Full Story

Staff Counsel Posting for MHLD in Boston

March 24 – 7:00 PM, Boston: Harvard Center for Law, Brain & Behavior hosts: Poverty, Violence, and the Developing Mind

Concentrated poverty is on the rise, and an increasing number of children are at risk for exposure to severe violence and dangerous living conditions. What are the implications of trauma exposure for healthy brain development?

During this panel event, Dr. Kerry Ressler (of McLean Hospital and Harvard Medical School) will discuss the risks poor, urban environments pose for post-traumatic stress disorder, while Dr. Charles A. Nelson (of Harvard Medical School and Boston Children’s Hospital) will discuss the effects of “toxic stress” on early childhood development. Carey Goldberg of WBUR’s CommonHealth will facilitate the conversation and host the Q&A session with the audience. 

This event is free and open to the public. It will be held on Thursday, March 24, 2016, at the Brigham and Women’s Hospital, Bornstein Amphitheater, from 7:00-8:30 pm. A brief reception will precede the event from 6:30-7:00 PM.  Click here to register.

Thursday, March 24, 2016 from 7:00 PM to 8:30 PM (EDT)
Brigham and Women’s Hospital, Bornstein Amphitheater – 75 Francis Street 2nd Floor, Boston, MA 02115 – 

MHLD Yahoo Group Important Notice

Mental Health Litigation Division Panel Members – Yahoo Group Membership:

Membership in the Mental Health Litigation Division Discussion Yahoo Group is a requirement for all attorneys on the MHLD Panel.

If you are not a member of the Yahoo group, you should join now. You will need a Yahoo account.

Some of you should have received an invitation to join this group if you are not currently a member. Please respond and complete the registration process as soon as possible.

Make sure you include an identifiable display name when you join or edit your membership.


MHLD Requests for Appoint of Appellate Counsel

Requests for appointment of appellate counsel in civil commitment, guardianship and substituted judgment cases should be sent to and must include the following:

1. Notice of Appeal
2. Appeal Intake Form  
3. Supporting documentation such as the order, motions and objections

Questions should be addressed to


DMH Schedules Hearings on Fresh Air Regulations Sept. 15 at 2:00 pm

The Department of Mental Health has filed regulations for public comment  implementing the “Reasonable Daily Access to Fresh Air” Act of 2014. This act added access to fresh air to the list of rights of individuals hospitalized in psychiatric facilities operated, contracted or licensed by DMH.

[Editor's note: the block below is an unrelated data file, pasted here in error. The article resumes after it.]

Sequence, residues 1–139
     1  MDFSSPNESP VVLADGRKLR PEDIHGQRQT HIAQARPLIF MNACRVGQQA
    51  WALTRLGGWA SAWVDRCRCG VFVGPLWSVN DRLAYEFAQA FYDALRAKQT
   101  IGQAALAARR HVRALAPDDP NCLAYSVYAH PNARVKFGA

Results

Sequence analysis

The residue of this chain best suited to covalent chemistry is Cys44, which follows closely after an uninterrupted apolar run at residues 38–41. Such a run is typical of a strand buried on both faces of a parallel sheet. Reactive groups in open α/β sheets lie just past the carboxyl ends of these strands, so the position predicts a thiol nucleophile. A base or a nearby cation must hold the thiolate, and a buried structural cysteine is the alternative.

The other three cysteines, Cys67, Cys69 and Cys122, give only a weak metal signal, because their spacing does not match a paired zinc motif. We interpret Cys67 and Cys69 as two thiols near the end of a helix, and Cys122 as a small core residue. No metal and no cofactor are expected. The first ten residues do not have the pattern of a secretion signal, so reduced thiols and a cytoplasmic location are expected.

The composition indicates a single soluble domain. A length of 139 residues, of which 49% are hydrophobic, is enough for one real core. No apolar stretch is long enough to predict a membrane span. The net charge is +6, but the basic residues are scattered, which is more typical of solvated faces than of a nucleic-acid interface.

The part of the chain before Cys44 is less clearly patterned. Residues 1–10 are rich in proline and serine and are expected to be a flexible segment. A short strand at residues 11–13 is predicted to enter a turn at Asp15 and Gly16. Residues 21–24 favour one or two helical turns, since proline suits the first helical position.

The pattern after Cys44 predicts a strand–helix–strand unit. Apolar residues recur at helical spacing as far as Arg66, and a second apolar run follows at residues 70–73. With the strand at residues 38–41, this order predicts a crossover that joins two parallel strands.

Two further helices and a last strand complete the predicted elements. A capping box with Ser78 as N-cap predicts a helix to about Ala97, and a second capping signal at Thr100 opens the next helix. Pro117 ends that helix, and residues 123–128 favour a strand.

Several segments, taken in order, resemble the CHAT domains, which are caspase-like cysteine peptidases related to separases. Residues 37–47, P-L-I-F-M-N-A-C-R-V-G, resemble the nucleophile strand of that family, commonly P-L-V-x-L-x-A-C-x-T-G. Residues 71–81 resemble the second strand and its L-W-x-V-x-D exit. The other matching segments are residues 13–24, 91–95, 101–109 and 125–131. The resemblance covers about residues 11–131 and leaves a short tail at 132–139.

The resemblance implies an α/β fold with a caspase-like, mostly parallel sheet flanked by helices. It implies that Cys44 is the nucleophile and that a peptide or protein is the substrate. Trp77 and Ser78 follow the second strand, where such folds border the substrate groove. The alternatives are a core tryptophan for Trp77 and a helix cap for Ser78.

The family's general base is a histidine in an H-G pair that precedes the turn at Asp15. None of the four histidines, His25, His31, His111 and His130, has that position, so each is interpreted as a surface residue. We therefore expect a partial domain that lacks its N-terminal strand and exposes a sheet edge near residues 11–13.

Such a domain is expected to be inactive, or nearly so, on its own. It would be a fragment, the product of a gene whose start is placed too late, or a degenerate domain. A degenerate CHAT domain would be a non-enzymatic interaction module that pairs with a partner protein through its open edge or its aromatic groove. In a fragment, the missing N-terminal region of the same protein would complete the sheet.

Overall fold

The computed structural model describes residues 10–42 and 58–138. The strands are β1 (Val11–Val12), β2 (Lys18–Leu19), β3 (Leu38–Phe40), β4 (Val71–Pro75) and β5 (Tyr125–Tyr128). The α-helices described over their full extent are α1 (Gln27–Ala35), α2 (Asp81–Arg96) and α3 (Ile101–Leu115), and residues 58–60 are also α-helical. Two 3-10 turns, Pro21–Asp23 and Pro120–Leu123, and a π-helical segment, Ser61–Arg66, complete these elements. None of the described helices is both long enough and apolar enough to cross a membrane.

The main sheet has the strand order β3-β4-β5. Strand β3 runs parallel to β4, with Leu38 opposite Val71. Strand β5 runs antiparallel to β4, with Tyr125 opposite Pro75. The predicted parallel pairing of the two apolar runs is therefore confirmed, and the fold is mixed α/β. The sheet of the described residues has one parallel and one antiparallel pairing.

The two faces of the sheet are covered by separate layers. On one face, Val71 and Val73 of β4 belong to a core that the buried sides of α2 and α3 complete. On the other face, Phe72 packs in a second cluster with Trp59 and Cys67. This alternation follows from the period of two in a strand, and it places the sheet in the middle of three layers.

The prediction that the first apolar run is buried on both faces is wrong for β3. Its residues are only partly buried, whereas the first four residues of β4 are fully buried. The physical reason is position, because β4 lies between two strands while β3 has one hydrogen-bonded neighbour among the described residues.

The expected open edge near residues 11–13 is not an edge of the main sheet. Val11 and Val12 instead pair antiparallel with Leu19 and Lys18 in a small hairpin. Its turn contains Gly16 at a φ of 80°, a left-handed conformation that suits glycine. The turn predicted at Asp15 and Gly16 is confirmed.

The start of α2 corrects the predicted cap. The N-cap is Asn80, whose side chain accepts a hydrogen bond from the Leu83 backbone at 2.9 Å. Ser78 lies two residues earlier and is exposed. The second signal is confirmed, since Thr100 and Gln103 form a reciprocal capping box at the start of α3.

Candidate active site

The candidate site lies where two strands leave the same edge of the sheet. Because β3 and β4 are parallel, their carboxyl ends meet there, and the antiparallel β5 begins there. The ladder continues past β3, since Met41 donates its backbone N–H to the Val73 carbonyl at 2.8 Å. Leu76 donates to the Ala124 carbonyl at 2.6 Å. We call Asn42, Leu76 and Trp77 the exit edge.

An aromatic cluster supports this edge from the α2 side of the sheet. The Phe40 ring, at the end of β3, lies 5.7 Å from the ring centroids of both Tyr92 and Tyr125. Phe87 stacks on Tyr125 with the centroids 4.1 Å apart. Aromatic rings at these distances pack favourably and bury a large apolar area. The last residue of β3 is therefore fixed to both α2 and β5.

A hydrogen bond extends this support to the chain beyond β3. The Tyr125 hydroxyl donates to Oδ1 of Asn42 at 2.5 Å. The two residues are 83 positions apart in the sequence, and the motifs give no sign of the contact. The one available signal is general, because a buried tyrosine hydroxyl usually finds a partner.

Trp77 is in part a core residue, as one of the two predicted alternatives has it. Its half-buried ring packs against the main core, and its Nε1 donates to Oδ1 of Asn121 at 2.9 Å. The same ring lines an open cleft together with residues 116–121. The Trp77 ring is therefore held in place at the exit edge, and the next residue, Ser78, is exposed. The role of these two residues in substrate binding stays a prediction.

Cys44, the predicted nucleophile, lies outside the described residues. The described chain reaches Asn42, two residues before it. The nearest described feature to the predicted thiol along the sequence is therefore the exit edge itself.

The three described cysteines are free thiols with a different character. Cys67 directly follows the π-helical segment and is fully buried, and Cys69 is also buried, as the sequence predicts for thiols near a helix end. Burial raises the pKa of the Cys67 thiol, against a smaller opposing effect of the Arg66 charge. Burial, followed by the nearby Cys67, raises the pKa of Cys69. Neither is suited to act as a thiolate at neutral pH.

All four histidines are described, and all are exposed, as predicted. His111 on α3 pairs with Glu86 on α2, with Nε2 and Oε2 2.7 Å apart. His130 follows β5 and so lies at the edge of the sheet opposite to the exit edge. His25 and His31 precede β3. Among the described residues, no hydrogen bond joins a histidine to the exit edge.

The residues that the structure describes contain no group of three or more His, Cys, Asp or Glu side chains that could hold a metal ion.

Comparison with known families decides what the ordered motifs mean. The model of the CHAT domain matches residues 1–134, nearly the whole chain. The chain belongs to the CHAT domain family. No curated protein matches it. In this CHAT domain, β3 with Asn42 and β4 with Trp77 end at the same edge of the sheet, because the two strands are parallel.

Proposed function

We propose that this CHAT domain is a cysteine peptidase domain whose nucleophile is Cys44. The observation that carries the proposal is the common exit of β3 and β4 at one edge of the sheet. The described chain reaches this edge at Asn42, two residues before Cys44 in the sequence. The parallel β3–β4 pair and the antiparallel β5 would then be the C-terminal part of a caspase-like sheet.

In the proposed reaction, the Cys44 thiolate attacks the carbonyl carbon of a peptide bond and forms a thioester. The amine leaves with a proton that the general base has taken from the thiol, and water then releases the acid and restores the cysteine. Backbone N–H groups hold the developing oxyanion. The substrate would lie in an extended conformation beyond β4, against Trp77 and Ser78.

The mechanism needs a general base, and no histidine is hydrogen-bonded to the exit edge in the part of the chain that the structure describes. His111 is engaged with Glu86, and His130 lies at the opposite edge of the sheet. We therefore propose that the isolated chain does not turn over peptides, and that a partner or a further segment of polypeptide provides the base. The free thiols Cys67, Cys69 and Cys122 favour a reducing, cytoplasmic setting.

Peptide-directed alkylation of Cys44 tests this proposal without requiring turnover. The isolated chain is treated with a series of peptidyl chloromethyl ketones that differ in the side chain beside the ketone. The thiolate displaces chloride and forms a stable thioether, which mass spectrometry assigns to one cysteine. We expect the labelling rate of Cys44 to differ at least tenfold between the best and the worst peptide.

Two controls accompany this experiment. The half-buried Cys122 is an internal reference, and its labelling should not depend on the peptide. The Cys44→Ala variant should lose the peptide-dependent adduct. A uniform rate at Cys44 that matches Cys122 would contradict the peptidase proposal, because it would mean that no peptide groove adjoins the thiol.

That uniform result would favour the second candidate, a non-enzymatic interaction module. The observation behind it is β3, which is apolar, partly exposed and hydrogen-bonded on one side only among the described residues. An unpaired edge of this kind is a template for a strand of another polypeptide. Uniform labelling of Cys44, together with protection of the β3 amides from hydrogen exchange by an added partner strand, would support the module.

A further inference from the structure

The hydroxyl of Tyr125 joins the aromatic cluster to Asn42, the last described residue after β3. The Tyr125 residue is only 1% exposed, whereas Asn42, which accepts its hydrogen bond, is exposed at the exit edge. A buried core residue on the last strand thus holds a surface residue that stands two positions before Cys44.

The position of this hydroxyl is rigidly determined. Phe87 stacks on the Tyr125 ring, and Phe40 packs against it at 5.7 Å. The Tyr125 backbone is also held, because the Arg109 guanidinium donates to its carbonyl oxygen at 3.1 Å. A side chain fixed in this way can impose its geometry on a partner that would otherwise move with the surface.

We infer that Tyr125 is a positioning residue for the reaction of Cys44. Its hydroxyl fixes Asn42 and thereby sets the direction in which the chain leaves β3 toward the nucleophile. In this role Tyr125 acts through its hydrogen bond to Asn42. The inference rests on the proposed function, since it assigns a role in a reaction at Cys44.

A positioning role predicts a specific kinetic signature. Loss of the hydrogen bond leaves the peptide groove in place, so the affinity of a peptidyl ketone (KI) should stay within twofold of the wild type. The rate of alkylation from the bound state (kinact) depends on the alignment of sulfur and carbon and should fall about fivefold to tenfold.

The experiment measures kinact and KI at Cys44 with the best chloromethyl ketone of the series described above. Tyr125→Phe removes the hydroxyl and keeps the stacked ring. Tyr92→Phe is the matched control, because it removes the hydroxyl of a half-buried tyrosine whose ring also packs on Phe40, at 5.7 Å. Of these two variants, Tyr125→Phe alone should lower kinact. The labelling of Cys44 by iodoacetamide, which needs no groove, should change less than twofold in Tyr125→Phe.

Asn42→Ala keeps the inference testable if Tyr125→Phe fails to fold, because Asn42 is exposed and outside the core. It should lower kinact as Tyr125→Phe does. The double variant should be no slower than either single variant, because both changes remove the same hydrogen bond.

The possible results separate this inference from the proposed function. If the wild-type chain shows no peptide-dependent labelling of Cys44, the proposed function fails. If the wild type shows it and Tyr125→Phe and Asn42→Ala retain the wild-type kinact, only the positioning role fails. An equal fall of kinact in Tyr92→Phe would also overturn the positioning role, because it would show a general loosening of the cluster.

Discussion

The hearing on the proposed regulations will take place on September 15, 2015 from 2 to 4 p.m. at the DMH Central Office, 25 Staniford St., Boston, MA  02114. Click here for directions.

Click here to download the Notice of Public Hearing.
Click here to download a copy of the proposed regulations.     Continue reading

Mental Health Litigation Schedules First Sessions for Mandatory Training for Guardianship Attorneys

MHLD panel members are required to complete a day-long training on representing respondents in guardianship cases during the FY 16, which runs from July 1, 2015 through June 30, 2016. This will also satisfy the requirement that panelists complete 8 hours of CLE.The MHLD will offer regional trainings at locations statewide.

The first two trainings, which will take place in Springfield and Worcester.

Mark your calendars:

Friday, November 13, 2015 at Springfield Technical Community College in Springfield.
Friday, December 4, 2015 at the Worcester Registry of Deeds in Worcester.

Thanks to everyone who has completed the re-registration process. For those who have not, please keep in mind that the deadline is August 15, 2015. The forms are available in pdf. Email the forms to and you will receive an auto-reply confirming that it has been received.